Beginning in 1961, the Low Show Group was an active collective of women artists, exhibiting in Newcastle. The group members were Norma Allen, Mary Beeston, Betty Cutcher (Beadle), Elizabeth Martin, Lillian Sutherland and Rae Richards. Madeleine Scott Jones and Lovoni Webb also exhibited in later Low Show Group exhibitions. These artists continued to work independently and Richards is still making and exhibiting art. This study examines the context in which the group was formed and how this impacted on their decision to form a collective. Their contribution to art and craft, art education and the cultural life of Newcastle is documented through their exhibitions and careers. The theories of Howard Becker regarding art as a collective action, is used as a framework to examine the success of the Low Show group. Through a discussion of shared and individual careers as practitioners, their community service and their role as teachers, their influence is shown on the artistic practices of their students and colleagues and on the art world of their time. Newcastle’s background as a convict settlement and an industrial centre had developed a working class culture with a strong masculine influence. While some individual women artists were able to develop a career in fine arts, there was a long battle to establish a city art gallery and in 1961 there were no commercial galleries. The formation of the Low Show Group is shown to be as much about the society in which they lived as their artistic ambitions. The development of the Newcastle Technical Art School, and the formation of the Newcastle University College, was identified as the catalyst for the initial flowering of fine art. The experience of the Low Show artists first as students of this school, and in some cases as teachers, was the impetus for their desire to develop careers as professional artists. This evaluation of their contribution to the fine arts indicates how the contribution of this regional group of artists was important in paving the way for the present growth and a promising future of the fine arts in Newcastle.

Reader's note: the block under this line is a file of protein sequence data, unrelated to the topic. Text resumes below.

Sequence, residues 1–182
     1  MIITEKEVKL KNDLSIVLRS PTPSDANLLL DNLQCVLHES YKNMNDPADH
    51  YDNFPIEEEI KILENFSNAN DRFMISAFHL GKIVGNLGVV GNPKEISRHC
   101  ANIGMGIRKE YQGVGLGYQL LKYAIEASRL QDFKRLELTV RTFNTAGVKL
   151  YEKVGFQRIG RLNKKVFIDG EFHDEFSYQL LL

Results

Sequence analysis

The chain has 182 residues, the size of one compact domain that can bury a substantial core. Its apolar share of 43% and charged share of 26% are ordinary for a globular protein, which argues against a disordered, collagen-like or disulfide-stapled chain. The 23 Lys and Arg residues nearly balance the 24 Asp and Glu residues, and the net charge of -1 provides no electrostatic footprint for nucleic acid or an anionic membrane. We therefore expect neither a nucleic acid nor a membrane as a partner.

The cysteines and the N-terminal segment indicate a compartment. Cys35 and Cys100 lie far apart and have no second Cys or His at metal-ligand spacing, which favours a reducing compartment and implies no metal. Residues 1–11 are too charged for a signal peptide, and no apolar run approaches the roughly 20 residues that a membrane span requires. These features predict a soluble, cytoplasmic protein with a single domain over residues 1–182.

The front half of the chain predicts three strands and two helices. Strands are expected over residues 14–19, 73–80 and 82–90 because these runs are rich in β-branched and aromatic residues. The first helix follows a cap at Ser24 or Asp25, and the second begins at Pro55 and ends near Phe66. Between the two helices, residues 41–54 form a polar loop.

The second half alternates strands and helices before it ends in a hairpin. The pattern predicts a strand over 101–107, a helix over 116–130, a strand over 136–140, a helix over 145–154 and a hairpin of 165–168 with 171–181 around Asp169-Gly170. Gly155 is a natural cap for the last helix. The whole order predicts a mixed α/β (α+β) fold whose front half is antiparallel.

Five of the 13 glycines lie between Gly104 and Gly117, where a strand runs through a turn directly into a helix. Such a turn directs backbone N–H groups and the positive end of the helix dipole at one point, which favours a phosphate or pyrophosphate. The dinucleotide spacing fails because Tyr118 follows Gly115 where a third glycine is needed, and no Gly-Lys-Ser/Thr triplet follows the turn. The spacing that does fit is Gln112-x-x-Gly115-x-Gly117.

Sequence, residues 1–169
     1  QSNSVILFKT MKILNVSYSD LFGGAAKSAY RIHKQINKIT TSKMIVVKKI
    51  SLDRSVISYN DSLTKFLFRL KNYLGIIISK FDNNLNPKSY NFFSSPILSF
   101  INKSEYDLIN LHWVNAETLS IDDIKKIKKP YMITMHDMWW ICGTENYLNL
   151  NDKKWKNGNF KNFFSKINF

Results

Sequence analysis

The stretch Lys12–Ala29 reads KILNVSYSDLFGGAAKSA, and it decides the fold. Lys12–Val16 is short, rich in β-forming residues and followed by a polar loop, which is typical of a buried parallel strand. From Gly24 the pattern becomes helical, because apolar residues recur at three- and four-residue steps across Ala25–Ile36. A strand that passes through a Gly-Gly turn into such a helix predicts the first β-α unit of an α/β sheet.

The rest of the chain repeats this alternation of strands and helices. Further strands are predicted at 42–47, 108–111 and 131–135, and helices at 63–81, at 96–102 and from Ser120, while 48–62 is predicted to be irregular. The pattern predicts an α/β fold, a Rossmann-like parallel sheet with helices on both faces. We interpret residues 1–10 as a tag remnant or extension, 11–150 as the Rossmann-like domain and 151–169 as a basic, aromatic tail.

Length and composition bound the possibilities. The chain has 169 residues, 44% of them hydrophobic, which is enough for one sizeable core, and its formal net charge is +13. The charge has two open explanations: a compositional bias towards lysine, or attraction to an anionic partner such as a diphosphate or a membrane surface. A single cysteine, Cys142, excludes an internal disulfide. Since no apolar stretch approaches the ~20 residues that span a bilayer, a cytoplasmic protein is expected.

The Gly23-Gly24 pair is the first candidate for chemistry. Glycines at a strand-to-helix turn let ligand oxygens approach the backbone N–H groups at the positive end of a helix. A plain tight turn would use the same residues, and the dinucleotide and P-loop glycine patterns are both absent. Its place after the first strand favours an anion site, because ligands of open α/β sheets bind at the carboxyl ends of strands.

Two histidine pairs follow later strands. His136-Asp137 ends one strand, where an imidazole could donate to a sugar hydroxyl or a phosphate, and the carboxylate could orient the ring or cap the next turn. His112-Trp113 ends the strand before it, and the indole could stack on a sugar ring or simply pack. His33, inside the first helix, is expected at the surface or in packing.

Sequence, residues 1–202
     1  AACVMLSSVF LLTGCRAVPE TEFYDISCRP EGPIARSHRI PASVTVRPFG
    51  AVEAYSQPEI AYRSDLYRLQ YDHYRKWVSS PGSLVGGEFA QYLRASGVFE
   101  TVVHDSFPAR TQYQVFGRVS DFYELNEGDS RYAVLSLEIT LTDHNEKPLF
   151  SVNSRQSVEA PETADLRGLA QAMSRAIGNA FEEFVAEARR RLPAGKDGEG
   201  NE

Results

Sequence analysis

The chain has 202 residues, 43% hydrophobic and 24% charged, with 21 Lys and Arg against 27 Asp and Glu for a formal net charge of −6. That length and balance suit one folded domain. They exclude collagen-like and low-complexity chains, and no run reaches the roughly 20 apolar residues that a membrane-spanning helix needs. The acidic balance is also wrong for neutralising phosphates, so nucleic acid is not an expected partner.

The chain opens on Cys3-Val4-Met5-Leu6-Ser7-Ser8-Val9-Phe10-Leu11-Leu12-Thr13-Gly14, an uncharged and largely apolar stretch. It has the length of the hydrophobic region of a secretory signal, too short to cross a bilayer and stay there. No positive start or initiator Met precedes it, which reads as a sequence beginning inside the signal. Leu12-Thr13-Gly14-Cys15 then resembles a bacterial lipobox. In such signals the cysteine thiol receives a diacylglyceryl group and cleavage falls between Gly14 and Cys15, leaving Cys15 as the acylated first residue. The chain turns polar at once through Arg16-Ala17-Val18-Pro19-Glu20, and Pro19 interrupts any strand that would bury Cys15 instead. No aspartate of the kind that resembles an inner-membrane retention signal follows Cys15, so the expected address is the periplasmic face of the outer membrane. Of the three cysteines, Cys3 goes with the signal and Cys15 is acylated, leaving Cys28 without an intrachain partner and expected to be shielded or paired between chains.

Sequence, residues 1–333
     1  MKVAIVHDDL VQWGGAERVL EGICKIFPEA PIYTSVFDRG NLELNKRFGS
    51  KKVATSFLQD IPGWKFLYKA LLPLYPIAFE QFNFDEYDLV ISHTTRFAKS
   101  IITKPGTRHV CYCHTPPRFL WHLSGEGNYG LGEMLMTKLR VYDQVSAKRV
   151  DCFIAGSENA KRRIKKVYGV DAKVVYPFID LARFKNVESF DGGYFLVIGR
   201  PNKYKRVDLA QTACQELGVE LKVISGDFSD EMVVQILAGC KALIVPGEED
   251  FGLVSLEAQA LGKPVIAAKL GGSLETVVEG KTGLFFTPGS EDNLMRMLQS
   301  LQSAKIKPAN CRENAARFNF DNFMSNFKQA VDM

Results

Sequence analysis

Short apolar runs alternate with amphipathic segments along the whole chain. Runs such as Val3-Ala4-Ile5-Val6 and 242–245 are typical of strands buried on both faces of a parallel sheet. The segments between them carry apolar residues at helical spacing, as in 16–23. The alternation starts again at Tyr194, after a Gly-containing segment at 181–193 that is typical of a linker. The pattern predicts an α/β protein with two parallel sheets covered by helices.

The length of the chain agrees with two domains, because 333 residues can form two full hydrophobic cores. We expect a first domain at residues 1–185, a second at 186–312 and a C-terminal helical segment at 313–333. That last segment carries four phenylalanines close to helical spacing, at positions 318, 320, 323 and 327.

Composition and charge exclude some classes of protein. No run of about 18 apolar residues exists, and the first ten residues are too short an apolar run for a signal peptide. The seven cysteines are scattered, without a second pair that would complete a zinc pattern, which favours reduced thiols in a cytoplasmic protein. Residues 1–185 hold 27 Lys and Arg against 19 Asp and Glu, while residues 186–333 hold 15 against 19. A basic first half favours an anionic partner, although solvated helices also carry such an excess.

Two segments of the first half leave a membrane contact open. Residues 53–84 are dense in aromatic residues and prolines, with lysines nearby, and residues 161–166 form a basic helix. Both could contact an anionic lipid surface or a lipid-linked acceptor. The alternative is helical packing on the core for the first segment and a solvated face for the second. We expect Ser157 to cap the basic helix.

University of Newcastle Research Higher Degree Thesis